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At The Ghosh Center, providing you with the best care is our highest priority. We measure how we’re doing in a number of ways – from patient surveys about your experience to participation in clinical certification programs like QOPI®.
And now we have a new yardstick, courtesy of our friends in Washington: MIPS, which stands for Merit-Based Incentive Payment System.
A little history: In 2015, Congress approved a new law designed to improve care for Medicare patients by changing the formula used to reimburse physicians. This law, called MACRA (the Medicare Access and CHIP Reauthorization Act), moved payments away from a fee-for-service model to one that rewards physician performance.
In simple terms, the reward system shifted from volume to value. The old formula paid physicians based on the number of services they performed (volume). The new formula reimburses doctors based on the quality of their services (value). It’s intended to be a win/win. Patients have the potential for better outcomes; providers have the prospect of higher payments for Medicare Part B services.
MIPS scores are calculated in four categories: quality, cost, improvement activities and promoting interoperability. The graphic below shows how the categories were weighted in 2018.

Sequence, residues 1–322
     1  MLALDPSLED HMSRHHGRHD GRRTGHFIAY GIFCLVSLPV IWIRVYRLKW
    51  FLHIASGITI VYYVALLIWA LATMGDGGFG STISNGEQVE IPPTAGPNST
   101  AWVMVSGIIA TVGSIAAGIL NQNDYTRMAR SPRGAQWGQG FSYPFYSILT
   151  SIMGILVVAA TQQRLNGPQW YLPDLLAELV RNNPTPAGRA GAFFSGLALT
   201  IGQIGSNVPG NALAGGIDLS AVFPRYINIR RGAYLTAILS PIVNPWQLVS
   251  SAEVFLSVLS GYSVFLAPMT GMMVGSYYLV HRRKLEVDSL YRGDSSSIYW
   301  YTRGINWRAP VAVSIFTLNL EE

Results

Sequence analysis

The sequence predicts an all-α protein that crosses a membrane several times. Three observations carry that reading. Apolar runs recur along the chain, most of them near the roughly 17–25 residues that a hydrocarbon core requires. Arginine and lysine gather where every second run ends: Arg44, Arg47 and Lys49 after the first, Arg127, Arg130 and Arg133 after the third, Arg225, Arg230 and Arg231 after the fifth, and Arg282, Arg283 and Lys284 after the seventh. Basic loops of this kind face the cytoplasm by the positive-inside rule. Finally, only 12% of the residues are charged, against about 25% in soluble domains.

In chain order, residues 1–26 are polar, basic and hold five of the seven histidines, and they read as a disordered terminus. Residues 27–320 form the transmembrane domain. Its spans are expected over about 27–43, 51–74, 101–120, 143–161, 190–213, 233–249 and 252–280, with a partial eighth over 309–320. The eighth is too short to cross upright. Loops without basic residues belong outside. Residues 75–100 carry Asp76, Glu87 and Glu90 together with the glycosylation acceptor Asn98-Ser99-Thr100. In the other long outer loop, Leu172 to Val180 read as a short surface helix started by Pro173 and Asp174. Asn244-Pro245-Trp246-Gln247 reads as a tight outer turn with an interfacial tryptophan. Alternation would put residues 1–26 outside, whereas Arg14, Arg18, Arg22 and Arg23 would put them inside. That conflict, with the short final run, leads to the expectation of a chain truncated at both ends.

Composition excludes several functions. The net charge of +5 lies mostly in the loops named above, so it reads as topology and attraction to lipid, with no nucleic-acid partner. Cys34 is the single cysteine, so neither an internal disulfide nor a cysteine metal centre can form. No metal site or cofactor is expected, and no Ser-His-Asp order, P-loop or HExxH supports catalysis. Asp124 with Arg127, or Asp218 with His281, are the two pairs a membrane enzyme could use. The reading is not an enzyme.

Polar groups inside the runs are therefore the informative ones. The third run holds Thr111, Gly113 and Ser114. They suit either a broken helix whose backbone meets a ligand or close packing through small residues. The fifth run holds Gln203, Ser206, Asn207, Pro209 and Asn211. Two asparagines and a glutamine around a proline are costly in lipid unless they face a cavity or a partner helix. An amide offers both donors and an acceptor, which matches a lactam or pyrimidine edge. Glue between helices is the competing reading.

Source: Centers for Medicare & Medicaid Services – https://www.cms.gov/Medicare/Quality-Payment-Program/Resource-Library
In this model, quality is a big piece of the equation. We’re required to track and report data based on a variety of quality measures. An example of this would be our efforts to assess and manage patients’ pain levels. We’re also scored on how efficiently we deliver services, our efforts to improve and integrate care and the effectiveness of our electronic health record system.
We’re pleased to report that out of 100 possible points, we scored 97. Our score was based on three months of data from 2017, the first reporting period for the new Merit-based Incentive Payment System. We submitted this performance data to the Centers for Medicare & Medicaid Services (CMS) in March of 2018. Because payment adjustments lag by two years, in 2019, we’ll receive a positive adjustment in the Medicare payments for Part B services that were performed in 2017.
The Ghosh Center scores 97 out of 100 points.
Top performers receive higher reimbursement levels. If scores fall below a certain threshold, providers are required to repay a percentage of the Medicare Part B reimbursement they received. Those who don’t participate in MIPS or an alternative payment track can be penalized.
A significant portion of the incentive pool comes from the penalties applied to poor performers, creating a strong incentive for those falling behind to make improvements.
We’re hard at work tracking and recording 2018 data for submission to the CMS. And by we, we mean Mindy, so if she looks a little glassy-eyed, you might want to be extra nice to her.
We’ll keep reviewing our performance against our own high standards and exploring ways to do even better. Success in MIPS requires an organization-wide commitment toward continuous performance improvement. We’re all in, and, as always, will keep you posted on results.